Gov. Paul LePage is proposing about $50 million worth of MaineCare savings over the next two years.

But he wishes he could have cut more.

LePage and administration officials said Maine is being punished by the federal Affordable Care Act, which says states that have already expanded access to Medicaid health coverage cannot scale it back now.

“Our hands were greatly tied,” said Mary Mayhew, commissioner of the Department of Health and Human Services.

Democrats say the averted MaineCare cuts are another example of how the controversial federal law is helping Mainers.

“I don’t think we’re being punished at all,” said Emily Cain, the House minority leader. “The Affordable Care Act is an effort to bring the nation to where Maine has been.”

MaineCare is Maine’s version of Medicaid, a national program that provides subsidized health insurance to poor children, the disabled and elderly and other qualified adults. The state pays about one-third of the costs and the federal government pays about two-thirds.

Overall, LePage’s budget proposal would increase state spending on Maine-Care by more than $200 million over the next two years. The net increase would cover rising costs and a reduction in federal reimbursements, among other things.

The proposed two-year general fund budget includes a total of $1.3 billion for MaineCare, which amounts to about 21 percent of LePage’s budget.

The proposal would eliminate Maine-Care eligibility for non-citizen immigrants, require more cost-sharing by recipients and cut off enrollment of parents who earn more than 133 percent of the poverty level. The current limit is 200 percent.

The proposal also would cut about $50 million from the MaineCare budget.

LePage made clear in his budget address Thursday that he wished he could have gone further but was not allowed to roll back Maine’s MaineCare eligibility standards.

Maine currently goes beyond many states’ programs by providing Maine-Care access to childless adults and parents of enrolled children.

The Affordable Care Act will require all states to offer similar access starting in 2014. In the meantime, the law says, states that already meet the future eligibility standards have to keep them in place or face a penalty.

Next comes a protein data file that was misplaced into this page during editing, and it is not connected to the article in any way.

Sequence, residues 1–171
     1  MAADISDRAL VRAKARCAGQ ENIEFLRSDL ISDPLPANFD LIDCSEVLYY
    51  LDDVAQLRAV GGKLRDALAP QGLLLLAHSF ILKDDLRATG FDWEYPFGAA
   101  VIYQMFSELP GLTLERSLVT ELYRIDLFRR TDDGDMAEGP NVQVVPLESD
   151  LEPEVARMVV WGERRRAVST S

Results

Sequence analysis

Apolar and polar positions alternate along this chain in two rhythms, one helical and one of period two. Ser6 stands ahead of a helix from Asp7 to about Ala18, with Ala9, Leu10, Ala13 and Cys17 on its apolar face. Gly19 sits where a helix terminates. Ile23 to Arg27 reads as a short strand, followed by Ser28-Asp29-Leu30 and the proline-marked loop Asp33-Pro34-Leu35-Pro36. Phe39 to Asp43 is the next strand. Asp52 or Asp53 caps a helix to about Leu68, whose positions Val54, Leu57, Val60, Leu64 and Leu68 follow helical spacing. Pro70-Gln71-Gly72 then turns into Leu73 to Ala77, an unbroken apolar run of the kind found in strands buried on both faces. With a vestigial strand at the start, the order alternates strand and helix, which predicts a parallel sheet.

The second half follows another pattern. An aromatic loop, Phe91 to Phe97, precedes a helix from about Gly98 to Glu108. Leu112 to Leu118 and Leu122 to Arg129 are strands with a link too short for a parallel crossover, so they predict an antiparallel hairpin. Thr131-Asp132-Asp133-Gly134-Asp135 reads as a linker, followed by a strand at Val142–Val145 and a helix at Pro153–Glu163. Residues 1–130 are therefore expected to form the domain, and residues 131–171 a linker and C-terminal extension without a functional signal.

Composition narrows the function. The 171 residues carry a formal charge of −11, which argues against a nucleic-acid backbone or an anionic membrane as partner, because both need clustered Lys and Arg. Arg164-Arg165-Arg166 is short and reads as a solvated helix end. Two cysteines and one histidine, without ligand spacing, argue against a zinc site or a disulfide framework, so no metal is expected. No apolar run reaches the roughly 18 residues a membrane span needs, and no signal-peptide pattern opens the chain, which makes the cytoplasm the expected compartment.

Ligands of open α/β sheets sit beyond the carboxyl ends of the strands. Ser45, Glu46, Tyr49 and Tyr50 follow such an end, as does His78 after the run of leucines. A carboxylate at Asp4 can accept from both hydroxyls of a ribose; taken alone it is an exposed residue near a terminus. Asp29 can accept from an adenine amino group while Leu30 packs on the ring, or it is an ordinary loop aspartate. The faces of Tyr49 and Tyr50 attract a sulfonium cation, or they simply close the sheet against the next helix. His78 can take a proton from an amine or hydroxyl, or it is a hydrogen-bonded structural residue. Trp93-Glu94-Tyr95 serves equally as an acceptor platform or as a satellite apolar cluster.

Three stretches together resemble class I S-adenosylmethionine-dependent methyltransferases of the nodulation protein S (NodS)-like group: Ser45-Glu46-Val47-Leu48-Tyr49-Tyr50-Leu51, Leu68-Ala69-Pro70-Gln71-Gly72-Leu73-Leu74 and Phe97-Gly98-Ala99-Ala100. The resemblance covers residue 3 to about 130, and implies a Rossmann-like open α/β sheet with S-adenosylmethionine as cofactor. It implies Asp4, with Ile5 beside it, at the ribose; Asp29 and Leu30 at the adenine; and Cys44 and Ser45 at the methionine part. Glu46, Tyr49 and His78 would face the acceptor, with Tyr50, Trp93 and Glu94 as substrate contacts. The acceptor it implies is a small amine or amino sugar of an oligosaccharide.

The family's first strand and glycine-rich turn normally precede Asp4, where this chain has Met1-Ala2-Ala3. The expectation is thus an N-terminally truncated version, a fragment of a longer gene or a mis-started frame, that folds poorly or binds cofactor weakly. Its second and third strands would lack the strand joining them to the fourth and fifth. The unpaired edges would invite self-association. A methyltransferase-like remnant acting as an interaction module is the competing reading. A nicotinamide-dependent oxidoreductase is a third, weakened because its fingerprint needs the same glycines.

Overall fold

“The federal government says, if you’re going to (reduce eligibility), you will jeopardize all of your federal funding,” Mayhew said.

Mayhew said the fact that the administration’s hands were tied on MaineCare meant it had to go elsewhere for savings. The budget includes laying off 10 people and eliminating some programs within the Fund for a Healthy Maine, a popular collection of public health programs created with tobacco settlement proceeds.

Mayhew said the fund would lose $18 million to help cover MaineCare expenses.

While Maine is one of the states fighting to overturn the Affordable Care Act in court, the administration has to comply with the law in the meantime, said Tarren Bragdon, director of the Maine Heritage Policy Center and a former member of LePage’s budget team.

“Everyone is frozen in time by Obamacare,” he said.

Deeper MaineCare cuts would have created more uninsured Mainers and cost the state in lost federal funding, said Christopher St. John, executive director of the Maine Economic Policy Center. “That’s two-thirds federal dollars.”

Even the proposal to freeze future MaineCare eligibility for some parents is a step backward, he said.

“This is precisely the working poor. They are not on welfare,” he said. “This is exactly the kind of person we should be” helping.

 

Staff Writer John Richardson can be contacted at 791-6324 or at: [email protected]